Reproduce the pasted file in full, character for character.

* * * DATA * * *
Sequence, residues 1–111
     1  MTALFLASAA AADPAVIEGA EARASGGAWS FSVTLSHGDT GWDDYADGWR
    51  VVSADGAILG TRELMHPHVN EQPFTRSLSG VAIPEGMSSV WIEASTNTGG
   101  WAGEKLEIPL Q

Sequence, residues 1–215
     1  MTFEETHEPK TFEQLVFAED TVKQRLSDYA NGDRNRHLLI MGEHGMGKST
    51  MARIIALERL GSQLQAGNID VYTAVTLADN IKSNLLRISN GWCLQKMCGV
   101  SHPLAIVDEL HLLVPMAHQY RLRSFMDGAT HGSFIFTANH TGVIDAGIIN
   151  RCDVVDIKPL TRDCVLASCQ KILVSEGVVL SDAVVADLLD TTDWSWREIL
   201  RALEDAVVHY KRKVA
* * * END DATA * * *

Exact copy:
Sequence, residues 1–111
     1  MTALFLASAA AADPAVIEGA EARASGGAWS FSVTLSHGDT GWDDYADGWR
    51  VVSADGAILG TRELMHPHVN EQPFTRSLSG VAIPEGMSSV WIEASTNTGG
   101  WAGEKLEIPL Q

Sequence, residues 1–215
     1  MTFEETHEPK TFEQLVFAED TVKQRLSDYA NGDRNRHLLI MGEHGMGKST
    51  MARIIALERL GSQLQAGNID VYTAVTLADN IKSNLLRISN GWCLQKMCGV
   101  SHPLAIVDEL HLLVPMAHQY RLRSFMDGAT HGSFIFTANH TGVIDAGIIN
   151  RCDVVDIKPL TRDCVLASCQ KILVSEGVVL SDAVVADLLD TTDWSWREIL
   201  RALEDAVVHY KRKVA